OPETH (Live)

at Samfundet, Trondheim, Norway, March 11th 2009

Photo by Kristian Singh-Nergård

All photos by Kristian Singh-Nergård

Swedish Progressive Death Metallers of Opeth need little or no introduction. It’s been fourteen years since their first release and to this date they’ve released nine full-length albums. In other words it was a band with a great deal of routine that were to play at the sold-out venue, Studentersamfundet, in Trondheim, Norway.

Opeth has just returned from the United Arab Emirates, where they played at the Dubai Desert Rock Festival, and now they’re doing a Norwegian tour with eight concerts across the country, arranged by Rikskonsertene. This is their biggest Norwegian tour ever and the concert in Trondheim was the second date on the list.

The Norwegian Progressive/Black Metal band Ihsahn was billed as support for Opeth, but according to Ihsahn “…technical and practical difficulties [were revealed] at many of the smaller venues, and it has proven near impossible to run the necessary production.” One can only wonder what technical and practical difficulties that prevented Ihsahn from performing while Opeth had no such problems. The explanation doesn’t really seem adequate, but rather confusing.

Opeth, however, did not suffer from the lack of a warm-up band. From the second they entered the stage the audience seemed to be spellbound, and two hours of outstanding Progressive Death Metal by one of the genre’s leading bands was about to follow. They opened with “Heir Apparent” from their 2008 release Watershed. The song sounded much like it does on the record, and the band was incredibly tight. Perhaps the only disappointment, not only for this song, but the whole show, was that the acoustic parts weren’t played with an acoustic guitar like on the records, but on a clean channel with electric guitar. This was, however, only a minor “flaw” in an otherwise spotless performance, and it didn’t seem to bother the audience one bit.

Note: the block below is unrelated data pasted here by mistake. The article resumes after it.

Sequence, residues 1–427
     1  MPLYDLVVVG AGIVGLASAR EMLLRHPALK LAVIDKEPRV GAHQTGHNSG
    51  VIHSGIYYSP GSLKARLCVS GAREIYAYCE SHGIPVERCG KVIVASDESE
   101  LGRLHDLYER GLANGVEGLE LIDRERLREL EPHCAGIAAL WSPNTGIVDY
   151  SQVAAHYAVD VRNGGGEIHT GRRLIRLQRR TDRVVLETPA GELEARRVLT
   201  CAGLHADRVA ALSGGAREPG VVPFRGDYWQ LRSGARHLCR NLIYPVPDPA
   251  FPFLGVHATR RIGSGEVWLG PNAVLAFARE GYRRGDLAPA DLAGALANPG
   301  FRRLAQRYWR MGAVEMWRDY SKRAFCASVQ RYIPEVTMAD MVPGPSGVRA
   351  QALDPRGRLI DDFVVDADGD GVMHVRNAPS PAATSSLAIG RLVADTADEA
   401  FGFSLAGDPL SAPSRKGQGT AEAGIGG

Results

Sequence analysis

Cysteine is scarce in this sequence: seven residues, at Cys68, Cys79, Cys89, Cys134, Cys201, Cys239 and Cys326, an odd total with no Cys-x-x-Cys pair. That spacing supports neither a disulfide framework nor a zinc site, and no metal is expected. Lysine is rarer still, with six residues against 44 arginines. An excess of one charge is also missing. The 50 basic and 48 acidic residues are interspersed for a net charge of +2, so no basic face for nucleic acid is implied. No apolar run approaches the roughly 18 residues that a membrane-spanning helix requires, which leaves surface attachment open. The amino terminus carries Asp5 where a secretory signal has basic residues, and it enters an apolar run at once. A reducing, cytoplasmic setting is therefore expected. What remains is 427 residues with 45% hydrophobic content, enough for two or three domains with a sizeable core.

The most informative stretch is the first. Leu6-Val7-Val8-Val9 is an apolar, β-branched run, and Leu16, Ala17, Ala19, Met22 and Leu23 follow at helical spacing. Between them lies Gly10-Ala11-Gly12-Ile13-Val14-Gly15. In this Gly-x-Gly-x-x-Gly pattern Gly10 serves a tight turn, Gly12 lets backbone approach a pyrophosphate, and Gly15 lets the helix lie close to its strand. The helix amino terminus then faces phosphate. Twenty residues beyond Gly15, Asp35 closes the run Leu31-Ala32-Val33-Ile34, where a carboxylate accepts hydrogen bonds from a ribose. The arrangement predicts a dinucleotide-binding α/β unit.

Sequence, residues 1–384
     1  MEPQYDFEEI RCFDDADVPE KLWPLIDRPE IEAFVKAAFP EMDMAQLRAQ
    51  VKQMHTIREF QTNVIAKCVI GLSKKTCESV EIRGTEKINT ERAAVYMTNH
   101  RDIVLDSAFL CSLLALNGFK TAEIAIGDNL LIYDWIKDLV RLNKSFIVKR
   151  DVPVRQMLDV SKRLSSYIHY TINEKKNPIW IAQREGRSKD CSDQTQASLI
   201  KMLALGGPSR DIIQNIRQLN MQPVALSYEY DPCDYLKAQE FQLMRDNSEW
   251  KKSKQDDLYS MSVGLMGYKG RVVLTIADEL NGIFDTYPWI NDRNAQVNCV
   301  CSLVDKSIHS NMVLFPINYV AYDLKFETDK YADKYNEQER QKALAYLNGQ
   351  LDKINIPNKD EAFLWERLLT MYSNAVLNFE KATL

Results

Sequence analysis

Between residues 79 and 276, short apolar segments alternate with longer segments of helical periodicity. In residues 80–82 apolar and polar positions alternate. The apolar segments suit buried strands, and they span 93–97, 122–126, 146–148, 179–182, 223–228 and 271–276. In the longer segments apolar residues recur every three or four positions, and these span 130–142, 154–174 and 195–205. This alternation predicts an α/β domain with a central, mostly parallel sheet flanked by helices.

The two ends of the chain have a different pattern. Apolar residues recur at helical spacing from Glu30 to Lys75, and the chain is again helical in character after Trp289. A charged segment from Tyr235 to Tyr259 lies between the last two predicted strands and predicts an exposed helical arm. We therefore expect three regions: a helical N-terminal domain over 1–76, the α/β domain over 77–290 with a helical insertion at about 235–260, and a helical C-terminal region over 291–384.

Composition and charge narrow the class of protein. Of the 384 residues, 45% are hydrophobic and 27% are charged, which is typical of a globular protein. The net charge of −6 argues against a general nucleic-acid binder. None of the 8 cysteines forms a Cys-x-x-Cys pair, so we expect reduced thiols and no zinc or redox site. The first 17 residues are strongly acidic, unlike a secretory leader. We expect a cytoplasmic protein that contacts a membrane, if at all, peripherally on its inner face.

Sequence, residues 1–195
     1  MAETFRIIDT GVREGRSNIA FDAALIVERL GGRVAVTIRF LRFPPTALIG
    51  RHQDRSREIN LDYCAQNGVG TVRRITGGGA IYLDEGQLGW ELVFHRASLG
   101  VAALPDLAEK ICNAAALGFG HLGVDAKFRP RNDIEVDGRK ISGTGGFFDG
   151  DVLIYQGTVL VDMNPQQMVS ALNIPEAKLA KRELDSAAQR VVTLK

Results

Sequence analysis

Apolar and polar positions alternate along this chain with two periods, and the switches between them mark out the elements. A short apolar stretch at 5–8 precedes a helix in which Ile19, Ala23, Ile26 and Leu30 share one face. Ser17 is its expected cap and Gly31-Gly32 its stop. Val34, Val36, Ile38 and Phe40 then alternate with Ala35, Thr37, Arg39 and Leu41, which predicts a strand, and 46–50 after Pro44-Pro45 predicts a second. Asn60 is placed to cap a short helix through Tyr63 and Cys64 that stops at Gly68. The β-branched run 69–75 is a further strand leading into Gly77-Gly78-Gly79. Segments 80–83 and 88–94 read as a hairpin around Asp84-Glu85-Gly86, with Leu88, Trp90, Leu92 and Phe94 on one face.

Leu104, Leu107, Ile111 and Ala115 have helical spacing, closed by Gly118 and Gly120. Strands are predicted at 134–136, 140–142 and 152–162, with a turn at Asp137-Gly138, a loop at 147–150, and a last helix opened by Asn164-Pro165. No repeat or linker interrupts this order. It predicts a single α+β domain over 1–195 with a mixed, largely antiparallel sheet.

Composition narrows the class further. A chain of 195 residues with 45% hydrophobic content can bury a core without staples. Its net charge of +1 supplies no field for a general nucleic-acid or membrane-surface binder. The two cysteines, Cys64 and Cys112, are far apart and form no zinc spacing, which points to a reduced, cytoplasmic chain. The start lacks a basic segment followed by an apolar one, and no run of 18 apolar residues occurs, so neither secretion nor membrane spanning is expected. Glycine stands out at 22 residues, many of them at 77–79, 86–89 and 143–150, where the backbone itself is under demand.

Photo by Kristian Singh-Nergård

Next was the excellent “Ghost Of Perdition” off their 2005 release Ghost Reveries. It’s amazing to see lead vocalist Mikael Åkerfeldt switch between his growling and his clean voice with such ease and confidence, and the man clearly deserves all the credit he gets. Bass player Martin Mendez is also interesting to watch where he plays intricate and technical riffs on his four-string bass for the newest songs, while he switches to a five-string bass and focuses on the darker notes for the old stuff. That’s a proof of Opeth’s development in a more technical direction right there.

Three older songs were to follow, starting with “Godhead’s Lament” followed by “The Leper Affinity.” The first represents the era of Opeth where the focus was more on guitar harmonies than technical riffs, and the other represents the change in the Opeth sound, with more technical riffs and (at least on record) a higher focus on effects on guitars and vocals. The third of the old songs was introduced by Åkerfeldt as “…a kind of ballade from ’97.” While they now had played four songs in forty minutes (!), “Credence” is a beautiful and semi-acoustic experience that lasted for “only” five and a half minutes.

Åkerfeldt was joking around in-between the songs as usual with his particular style of humor. For instance he introduced his band mates as acrobats. We now know that lead guitarist Fredrik Åkesson has a talent for standing on his head while drinking beer.

After some old songs and a bit of joking around the band played the longest song off their latest release, Watershed, “Hessian Peel.” The slow, almost ballade like start, saw the audience singing along to the words. Watershed was no doubt the Opeth album the audience was most familiar with.